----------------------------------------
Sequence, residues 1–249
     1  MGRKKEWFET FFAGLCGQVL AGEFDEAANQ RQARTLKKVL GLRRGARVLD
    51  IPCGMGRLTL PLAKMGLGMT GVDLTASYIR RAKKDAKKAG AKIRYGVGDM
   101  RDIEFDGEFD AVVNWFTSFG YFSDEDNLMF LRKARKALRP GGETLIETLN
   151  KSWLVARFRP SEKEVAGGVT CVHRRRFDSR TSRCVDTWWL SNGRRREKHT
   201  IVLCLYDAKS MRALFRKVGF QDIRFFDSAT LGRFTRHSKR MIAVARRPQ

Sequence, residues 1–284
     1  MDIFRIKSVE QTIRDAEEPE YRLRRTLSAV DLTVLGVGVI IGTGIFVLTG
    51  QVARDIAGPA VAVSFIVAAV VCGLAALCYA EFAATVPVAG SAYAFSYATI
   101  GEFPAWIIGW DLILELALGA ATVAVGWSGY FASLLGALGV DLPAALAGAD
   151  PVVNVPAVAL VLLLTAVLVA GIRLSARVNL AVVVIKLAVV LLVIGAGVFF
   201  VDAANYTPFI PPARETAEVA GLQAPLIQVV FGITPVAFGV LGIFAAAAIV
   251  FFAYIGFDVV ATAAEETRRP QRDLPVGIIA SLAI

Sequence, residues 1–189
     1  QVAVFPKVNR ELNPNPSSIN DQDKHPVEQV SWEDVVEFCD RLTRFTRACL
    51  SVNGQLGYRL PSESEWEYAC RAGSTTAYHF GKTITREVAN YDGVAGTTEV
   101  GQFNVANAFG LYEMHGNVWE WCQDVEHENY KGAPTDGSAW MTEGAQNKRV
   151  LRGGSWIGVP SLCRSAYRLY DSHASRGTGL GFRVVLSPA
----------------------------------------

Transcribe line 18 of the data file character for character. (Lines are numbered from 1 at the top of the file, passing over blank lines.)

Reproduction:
   151  LRGGSWIGVP SLCRSAYRLY DSHASRGTGL GFRVVLSPA